Cut through the posturing and fever of negotiation, and you can imagine lots of ways to prevent this default. To take one example, Europe could step back from its insistence on deep budget cuts, and instead require Greece to professionalize its government, including its famously weak system of tax collection.

Here are some underappreciated factors shaping the negotiations.

It’s not about the money

Greece’s creditors don’t actually need their money back. For them, it’s more about leverage. Greece’s lack of cash is an opportunity to push economic reforms that might not happen otherwise.

The Euro itself is a problem

For most countries, default isn’t a real concern. Even if they owe billions of dollars, they can simply print more money — which may lead to inflation, but not default. Greece can’t print money because it lacks its own currency.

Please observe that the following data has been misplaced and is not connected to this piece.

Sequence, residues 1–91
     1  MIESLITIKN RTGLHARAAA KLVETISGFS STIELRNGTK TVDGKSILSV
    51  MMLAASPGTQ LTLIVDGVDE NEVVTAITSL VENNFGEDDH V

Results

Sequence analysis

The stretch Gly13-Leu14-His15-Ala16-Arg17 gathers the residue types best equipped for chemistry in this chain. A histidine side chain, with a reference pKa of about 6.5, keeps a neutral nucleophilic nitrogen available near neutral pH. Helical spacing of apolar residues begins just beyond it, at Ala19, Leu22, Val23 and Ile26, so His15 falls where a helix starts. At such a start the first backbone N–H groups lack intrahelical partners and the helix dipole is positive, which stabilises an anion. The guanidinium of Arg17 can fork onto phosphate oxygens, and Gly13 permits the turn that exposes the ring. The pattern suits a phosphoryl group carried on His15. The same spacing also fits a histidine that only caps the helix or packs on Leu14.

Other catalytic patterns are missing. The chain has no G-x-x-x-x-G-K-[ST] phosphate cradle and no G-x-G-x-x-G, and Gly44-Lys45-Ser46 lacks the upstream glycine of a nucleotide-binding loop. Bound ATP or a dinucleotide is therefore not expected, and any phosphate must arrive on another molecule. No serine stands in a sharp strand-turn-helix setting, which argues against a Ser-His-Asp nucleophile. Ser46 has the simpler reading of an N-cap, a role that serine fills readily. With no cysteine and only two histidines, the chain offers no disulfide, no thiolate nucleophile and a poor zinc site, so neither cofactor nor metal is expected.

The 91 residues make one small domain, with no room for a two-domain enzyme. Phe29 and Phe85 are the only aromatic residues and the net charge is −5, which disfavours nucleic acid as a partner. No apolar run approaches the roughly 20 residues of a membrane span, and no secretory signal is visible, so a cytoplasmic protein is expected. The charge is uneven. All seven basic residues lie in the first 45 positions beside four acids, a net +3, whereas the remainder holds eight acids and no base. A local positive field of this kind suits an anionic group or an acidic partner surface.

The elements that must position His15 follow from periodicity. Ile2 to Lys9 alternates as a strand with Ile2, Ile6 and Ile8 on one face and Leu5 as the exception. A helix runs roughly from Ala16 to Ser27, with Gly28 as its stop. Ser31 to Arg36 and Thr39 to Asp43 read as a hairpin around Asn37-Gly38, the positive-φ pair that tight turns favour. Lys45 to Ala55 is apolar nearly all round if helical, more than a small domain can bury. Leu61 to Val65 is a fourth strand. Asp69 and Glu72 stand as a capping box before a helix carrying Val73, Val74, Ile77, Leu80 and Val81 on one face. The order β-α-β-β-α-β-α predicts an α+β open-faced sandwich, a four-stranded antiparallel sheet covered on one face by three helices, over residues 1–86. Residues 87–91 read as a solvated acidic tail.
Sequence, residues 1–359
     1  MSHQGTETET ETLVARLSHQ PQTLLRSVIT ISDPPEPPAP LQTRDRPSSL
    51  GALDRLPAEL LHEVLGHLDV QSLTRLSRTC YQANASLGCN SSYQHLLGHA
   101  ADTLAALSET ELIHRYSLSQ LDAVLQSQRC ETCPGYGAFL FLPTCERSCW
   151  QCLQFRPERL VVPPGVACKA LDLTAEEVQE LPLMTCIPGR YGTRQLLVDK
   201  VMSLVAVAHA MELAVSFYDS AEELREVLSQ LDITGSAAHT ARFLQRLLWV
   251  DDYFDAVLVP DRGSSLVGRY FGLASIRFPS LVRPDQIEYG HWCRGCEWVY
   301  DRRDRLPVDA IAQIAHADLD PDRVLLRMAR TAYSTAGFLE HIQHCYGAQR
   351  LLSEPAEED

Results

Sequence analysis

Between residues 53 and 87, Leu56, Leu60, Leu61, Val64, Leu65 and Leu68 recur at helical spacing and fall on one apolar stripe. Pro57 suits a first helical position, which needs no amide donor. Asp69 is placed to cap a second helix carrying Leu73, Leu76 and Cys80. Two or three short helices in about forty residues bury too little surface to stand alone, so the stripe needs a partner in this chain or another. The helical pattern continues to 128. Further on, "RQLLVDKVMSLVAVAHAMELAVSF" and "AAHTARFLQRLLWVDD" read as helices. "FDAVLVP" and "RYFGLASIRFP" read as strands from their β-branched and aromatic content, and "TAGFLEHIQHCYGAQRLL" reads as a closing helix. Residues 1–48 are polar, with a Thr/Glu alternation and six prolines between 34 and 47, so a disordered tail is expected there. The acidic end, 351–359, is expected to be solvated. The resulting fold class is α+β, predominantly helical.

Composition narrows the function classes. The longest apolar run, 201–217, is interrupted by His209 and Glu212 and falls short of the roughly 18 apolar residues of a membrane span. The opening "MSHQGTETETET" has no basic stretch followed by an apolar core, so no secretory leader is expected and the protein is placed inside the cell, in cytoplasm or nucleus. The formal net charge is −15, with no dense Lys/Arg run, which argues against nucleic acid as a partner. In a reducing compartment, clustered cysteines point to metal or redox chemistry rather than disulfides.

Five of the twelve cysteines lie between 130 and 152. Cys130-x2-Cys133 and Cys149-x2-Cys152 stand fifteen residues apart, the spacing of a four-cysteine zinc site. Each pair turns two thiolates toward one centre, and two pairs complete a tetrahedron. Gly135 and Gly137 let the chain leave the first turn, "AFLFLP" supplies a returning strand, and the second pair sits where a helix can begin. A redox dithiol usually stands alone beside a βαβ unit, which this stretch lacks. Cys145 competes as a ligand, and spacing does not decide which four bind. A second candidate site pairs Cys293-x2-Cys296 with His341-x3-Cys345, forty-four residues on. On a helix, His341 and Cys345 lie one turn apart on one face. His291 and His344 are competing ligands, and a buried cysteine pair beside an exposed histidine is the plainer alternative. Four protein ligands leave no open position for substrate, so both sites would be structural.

In that regard, it’s more like a US state than a country. Except that in the United States, when states face big economic problems, they don’t have to negotiate a bailout. They get automatic help from the federal government in the form of Social Security payments, Medicaid support, food stamps, and other social programs. Europe lacks automatic stabilizers like these, which is a big problem for the long-term viability of the euro.

Greece might be able to stay in the EU

Not all countries in the European Union use the euro. England doesn’t, and neither does Denmark. It’s at least possible that Greece will be permitted to remain in the EU, even if it drops the euro.

What happens next?

Greece will try to keep the situation more or less stable until next Sunday’s referendum, including by closing the banks and restricting people from moving euros out of the country. If this strategy works, then the referendum should be decisive.

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But if something goes wrong this week — major protests or an unexpected shock to the Greek economy — Greece may be forced to act before the referendum even takes place.


Evan Horowitz digs through data to find information that illuminates the policy issues facing Massachusetts and the United States. He can be reached at evan.horowitz@globe.com. Follow him on Twitter @GlobeHorowitz